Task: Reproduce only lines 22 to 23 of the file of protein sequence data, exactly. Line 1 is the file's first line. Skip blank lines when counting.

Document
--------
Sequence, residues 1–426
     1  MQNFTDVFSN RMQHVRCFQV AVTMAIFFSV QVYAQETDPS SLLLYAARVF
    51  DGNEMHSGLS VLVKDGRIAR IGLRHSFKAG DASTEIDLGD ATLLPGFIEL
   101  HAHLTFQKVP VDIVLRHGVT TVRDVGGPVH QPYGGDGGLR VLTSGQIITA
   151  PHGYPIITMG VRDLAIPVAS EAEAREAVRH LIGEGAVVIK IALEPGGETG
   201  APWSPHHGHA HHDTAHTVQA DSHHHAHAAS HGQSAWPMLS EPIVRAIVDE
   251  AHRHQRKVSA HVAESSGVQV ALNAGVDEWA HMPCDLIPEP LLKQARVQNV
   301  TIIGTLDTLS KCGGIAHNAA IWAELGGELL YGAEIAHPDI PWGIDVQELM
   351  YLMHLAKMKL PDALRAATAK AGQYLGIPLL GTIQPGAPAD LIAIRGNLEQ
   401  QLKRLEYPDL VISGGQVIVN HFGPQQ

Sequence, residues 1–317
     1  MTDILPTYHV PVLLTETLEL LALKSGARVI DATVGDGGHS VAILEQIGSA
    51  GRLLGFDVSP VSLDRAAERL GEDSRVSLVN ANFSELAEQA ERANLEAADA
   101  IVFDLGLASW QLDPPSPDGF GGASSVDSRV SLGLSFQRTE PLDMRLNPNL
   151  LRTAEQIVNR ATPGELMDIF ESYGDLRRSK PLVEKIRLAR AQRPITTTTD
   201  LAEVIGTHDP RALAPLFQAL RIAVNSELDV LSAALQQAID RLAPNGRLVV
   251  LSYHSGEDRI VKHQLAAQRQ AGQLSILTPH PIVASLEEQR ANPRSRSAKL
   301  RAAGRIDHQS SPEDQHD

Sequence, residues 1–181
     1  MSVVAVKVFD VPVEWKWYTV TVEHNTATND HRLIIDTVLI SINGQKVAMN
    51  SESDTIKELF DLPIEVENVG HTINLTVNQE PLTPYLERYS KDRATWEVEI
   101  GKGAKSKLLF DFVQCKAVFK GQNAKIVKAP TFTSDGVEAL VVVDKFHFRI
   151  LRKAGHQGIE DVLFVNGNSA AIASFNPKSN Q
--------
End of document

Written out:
   101  GKGAKSKLLF DFVQCKAVFK GQNAKIVKAP TFTSDGVEAL VVVDKFHFRI
   151  LRKAGHQGIE DVLFVNGNSA AIASFNPKSN Q